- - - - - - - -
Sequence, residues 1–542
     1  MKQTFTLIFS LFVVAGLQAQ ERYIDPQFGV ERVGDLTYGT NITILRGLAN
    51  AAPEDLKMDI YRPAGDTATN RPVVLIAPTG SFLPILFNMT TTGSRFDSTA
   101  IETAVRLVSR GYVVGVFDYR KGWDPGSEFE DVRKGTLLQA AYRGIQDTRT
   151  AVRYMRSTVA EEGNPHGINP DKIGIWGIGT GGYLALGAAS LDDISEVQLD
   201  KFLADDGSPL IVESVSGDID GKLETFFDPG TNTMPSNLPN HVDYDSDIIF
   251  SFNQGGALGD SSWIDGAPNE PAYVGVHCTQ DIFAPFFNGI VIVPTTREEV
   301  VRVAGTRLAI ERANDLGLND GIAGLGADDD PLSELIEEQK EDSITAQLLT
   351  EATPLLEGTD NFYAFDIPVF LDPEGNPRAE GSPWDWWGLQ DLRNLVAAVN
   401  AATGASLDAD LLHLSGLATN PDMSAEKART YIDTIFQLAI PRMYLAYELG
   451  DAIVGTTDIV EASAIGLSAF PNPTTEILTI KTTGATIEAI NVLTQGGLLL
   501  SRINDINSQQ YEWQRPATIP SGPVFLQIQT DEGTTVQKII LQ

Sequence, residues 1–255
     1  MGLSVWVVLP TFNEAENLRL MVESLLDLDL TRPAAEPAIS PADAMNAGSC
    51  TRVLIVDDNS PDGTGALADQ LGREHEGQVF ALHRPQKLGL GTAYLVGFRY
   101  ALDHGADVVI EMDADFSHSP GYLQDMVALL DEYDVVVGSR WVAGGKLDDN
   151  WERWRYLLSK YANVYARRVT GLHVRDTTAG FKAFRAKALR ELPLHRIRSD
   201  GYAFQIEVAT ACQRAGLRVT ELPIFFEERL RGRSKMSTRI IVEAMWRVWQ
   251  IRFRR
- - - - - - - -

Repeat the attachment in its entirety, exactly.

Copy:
Sequence, residues 1–542
     1  MKQTFTLIFS LFVVAGLQAQ ERYIDPQFGV ERVGDLTYGT NITILRGLAN
    51  AAPEDLKMDI YRPAGDTATN RPVVLIAPTG SFLPILFNMT TTGSRFDSTA
   101  IETAVRLVSR GYVVGVFDYR KGWDPGSEFE DVRKGTLLQA AYRGIQDTRT
   151  AVRYMRSTVA EEGNPHGINP DKIGIWGIGT GGYLALGAAS LDDISEVQLD
   201  KFLADDGSPL IVESVSGDID GKLETFFDPG TNTMPSNLPN HVDYDSDIIF
   251  SFNQGGALGD SSWIDGAPNE PAYVGVHCTQ DIFAPFFNGI VIVPTTREEV
   301  VRVAGTRLAI ERANDLGLND GIAGLGADDD PLSELIEEQK EDSITAQLLT
   351  EATPLLEGTD NFYAFDIPVF LDPEGNPRAE GSPWDWWGLQ DLRNLVAAVN
   401  AATGASLDAD LLHLSGLATN PDMSAEKART YIDTIFQLAI PRMYLAYELG
   451  DAIVGTTDIV EASAIGLSAF PNPTTEILTI KTTGATIEAI NVLTQGGLLL
   501  SRINDINSQQ YEWQRPATIP SGPVFLQIQT DEGTTVQKII LQ

Sequence, residues 1–255
     1  MGLSVWVVLP TFNEAENLRL MVESLLDLDL TRPAAEPAIS PADAMNAGSC
    51  TRVLIVDDNS PDGTGALADQ LGREHEGQVF ALHRPQKLGL GTAYLVGFRY
   101  ALDHGADVVI EMDADFSHSP GYLQDMVALL DEYDVVVGSR WVAGGKLDDN
   151  WERWRYLLSK YANVYARRVT GLHVRDTTAG FKAFRAKALR ELPLHRIRSD
   201  GYAFQIEVAT ACQRAGLRVT ELPIFFEERL RGRSKMSTRI IVEAMWRVWQ
   251  IRFRR